April 11, 2013 Comments Off on Patterns By Richard Hartwell
I sit here, staring at the stains on the carpet, waiting for pictures to appear in their patterns. I know they will. Not when I squint my eyes or fog my vision, but when, with the intense focus of concentration, I will them to. I wonder what will come out tonight, hyenas again, or the lions of last week? Perhaps those bats with the heads of famous writers and artists that came to me for the first time last month.
When they come, they don’t seem to adhere to any schedule or routine. They don’t seem to be prompted by anything specific or, necessarily, repeatable. I wonder what the smell of bananas will recall?
Now they are back, crawling forth from the carpet, filling the living room, crowding the evening like so many cocktail-party goers.
From this, I segue to a recollection of Tina, Lee, and the visiting DeRosas, all attired in Mafioso black, complete with dark glasses, and all boarding the northbound passenger train in Gilroy, headed for a weekend in San Francisco, as if it was some upscale stylish in-thing. If it was, it was lost on the denizens of the Mexican bars and brothels at the south end of town. It was probably too early and/or too blurry, judging by the shadows, for any of them to notice how not fabulous it was anyway, the Mexicans as well as Tina, Lee, and the DeRosas: one drunken group on hand to wish bon voyage to another.
And where was I while all of this was happening? You see, I only have this single photograph, capturing with delight this convivial party of travelers. I was not present, probably never invited, not that I would have condescended to attend anyway, but where was I while this perfect outing was being captured on film? I was home, probably, planning what would be a night of drunken, boisterous carousing in delight of spring or summer or something and in spite of moral or familial conventions. We were all nothing if not predictable. And to think, I was not even related to Lee or the DeRosas and only connected to Tina by the thinnest stream of blood. . .
© 2013 Richard Hartwell
Rick Hartwell is a retired middle school English teacher living in Moreno Valley, California. He believes in the succinct, that the small becomes large; and, like the Transcendentalists and William Blake, that the instant contains eternity. Given his “druthers,” if he’s not writing poetry, Rick would rather still be tailing plywood in a mill in Oregon.
February 21, 2013 Comments Off on Shadows by Richard Hartwell
Shadows are sneaky. They don’t always let you in on their secrets, and they don’t always cooperate. I know all of this because I have been teaching my grandson the Robert Louis Stevenson nursery rhyme I have a little shadow that goes in and out with me.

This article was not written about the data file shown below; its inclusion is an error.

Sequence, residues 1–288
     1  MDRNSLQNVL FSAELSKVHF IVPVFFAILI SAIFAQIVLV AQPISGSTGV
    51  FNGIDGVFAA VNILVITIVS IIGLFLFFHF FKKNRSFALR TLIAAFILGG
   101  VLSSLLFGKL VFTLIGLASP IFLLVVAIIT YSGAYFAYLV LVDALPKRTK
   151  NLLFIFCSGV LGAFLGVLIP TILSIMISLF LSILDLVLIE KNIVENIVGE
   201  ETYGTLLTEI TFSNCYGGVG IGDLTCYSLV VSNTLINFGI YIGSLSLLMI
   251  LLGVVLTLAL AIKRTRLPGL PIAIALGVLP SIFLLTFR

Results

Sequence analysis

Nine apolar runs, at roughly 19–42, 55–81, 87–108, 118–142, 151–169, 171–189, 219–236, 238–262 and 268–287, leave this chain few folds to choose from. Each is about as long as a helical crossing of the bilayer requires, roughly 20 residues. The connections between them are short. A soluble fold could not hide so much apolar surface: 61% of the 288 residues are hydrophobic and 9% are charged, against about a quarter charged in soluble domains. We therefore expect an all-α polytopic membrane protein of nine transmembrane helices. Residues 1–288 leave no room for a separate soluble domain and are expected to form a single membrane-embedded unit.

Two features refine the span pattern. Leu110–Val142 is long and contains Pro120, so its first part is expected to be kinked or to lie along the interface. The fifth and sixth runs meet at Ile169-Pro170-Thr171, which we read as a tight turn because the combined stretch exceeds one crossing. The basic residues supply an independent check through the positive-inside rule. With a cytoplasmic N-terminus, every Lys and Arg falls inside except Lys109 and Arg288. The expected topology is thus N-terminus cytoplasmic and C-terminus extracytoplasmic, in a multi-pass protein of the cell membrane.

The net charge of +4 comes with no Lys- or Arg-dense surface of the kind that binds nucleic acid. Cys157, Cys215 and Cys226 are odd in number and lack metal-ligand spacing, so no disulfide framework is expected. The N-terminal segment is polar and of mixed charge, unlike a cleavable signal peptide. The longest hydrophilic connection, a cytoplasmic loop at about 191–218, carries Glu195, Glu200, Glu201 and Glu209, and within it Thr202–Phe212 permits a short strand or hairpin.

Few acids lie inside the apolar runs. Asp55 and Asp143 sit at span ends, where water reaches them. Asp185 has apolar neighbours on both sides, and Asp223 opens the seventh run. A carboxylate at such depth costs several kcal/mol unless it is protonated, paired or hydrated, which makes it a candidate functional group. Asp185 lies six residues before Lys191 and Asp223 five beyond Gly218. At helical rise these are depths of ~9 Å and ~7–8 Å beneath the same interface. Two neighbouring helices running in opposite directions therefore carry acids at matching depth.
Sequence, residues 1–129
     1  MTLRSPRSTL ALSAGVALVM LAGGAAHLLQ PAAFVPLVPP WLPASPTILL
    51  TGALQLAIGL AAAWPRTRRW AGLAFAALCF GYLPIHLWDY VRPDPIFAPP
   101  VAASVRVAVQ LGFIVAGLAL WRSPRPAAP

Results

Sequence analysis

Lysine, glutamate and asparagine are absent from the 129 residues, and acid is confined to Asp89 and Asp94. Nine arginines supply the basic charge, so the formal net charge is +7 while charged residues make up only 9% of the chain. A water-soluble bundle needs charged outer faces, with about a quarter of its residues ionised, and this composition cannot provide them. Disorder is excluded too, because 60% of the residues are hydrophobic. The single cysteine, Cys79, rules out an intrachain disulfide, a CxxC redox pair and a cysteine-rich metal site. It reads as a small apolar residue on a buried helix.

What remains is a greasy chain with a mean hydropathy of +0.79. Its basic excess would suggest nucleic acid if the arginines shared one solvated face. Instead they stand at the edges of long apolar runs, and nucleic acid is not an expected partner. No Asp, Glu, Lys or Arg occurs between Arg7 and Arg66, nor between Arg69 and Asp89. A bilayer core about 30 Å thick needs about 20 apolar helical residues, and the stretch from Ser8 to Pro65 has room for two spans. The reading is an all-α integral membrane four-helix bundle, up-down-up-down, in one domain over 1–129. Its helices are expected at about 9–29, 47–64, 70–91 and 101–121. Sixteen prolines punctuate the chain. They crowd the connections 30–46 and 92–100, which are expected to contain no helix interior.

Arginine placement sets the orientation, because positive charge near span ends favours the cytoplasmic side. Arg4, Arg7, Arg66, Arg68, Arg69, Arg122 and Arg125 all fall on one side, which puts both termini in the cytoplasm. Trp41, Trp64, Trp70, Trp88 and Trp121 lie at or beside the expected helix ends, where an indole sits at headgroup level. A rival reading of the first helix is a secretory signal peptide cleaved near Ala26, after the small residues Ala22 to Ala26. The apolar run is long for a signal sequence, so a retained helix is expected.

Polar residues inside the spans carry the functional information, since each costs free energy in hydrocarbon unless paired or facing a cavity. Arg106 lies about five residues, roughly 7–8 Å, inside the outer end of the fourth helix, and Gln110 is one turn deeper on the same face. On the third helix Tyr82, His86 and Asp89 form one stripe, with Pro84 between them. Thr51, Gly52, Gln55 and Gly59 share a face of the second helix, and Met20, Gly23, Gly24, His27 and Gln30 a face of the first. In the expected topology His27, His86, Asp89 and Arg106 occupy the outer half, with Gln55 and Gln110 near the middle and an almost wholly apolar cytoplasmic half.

Te’Juan, the grandson, has caught on pretty well. He loves to walk with his, our, shadow in front of us in the late afternoon. It is so big then. He jumps and then comes down hard, much as to say, “Gotcha!” When we turn around to walk back to the house, he constantly checks behind himself to make certain his shadow is still there and has not wandered off and left him. So far, he hasn’t been disappointed, at least about shadows.
There is a downside to all this though. The other night, with no moon out and only a few stars visible, Te’Juan had no shadow. This was not of tremendous concern, but I did watch him spin around in a couple of circles looking at the ground. There was no companion there, but since grandpa was still nearby, he guessed things were all right still. It’s nice to be appreciated, even subtly. Perhaps Te’Juan was on to something when he turned around to find his shadow gone. He’s not too young to realize that we spend half our lives alone, without a shadow, without a connection to the reality that is us, alone.
© 2012 Richard Hartwell
Rick Hartwell is a retired middle school English teacher living in Moreno Valley, California, with his wife of thirty-six years (poor soul, her, not him), their disabled daughter, one of their sons and his ex-wife along with their two children, and eleven cats. Yes, eleven! He believes in the succinct, that the small becomes large, and, like the Transcendentalists and William Blake, that the instant contains eternity. Given his “druthers,” if he’s not writing poetry, Rick would rather still be tailing plywood in a mill in Oregon.
August 9, 2012 Comments Off on Vengeance by Richard Hartwell
Her mother had everything well in hand. She knew just how to get payback. The house was prepared, set up for vengeance.
Sheila, her father’s secretary, had been invited to hold her fete in her superior’s home. It had been good enough for Eisenhower last year on his campaign swing through California; it was good enough for her. She was in the guest bedroom, knowledgeable of what Penny’s mother had planned, as she had played and was to play an integral part. She was quite a bit older than Penny, a little bit prettier, and considerably more worldly-wise. Sheila was preparing for the inevitable end to her day.